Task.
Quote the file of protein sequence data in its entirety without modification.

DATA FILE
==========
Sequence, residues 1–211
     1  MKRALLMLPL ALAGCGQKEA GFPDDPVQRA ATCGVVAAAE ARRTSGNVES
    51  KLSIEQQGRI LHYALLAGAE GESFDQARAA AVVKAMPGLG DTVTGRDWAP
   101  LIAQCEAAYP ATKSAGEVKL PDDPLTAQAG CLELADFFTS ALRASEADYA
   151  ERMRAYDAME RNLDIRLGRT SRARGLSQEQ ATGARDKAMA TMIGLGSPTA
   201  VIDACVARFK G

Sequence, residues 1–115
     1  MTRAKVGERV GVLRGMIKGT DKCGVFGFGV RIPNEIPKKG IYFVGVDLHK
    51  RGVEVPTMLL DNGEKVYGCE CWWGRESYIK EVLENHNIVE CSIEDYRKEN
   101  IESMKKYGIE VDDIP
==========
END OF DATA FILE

Sequence, residues 1–211
     1  MKRALLMLPL ALAGCGQKEA GFPDDPVQRA ATCGVVAAAE ARRTSGNVES
    51  KLSIEQQGRI LHYALLAGAE GESFDQARAA AVVKAMPGLG DTVTGRDWAP
   101  LIAQCEAAYP ATKSAGEVKL PDDPLTAQAG CLELADFFTS ALRASEADYA
   151  ERMRAYDAME RNLDIRLGRT SRARGLSQEQ ATGARDKAMA TMIGLGSPTA
   201  VIDACVARFK G

Sequence, residues 1–115
     1  MTRAKVGERV GVLRGMIKGT DKCGVFGFGV RIPNEIPKKG IYFVGVDLHK
    51  RGVEVPTMLL DNGEKVYGCE CWWGRESYIK EVLENHNIVE CSIEDYRKEN
   101  IESMKKYGIE VDDIP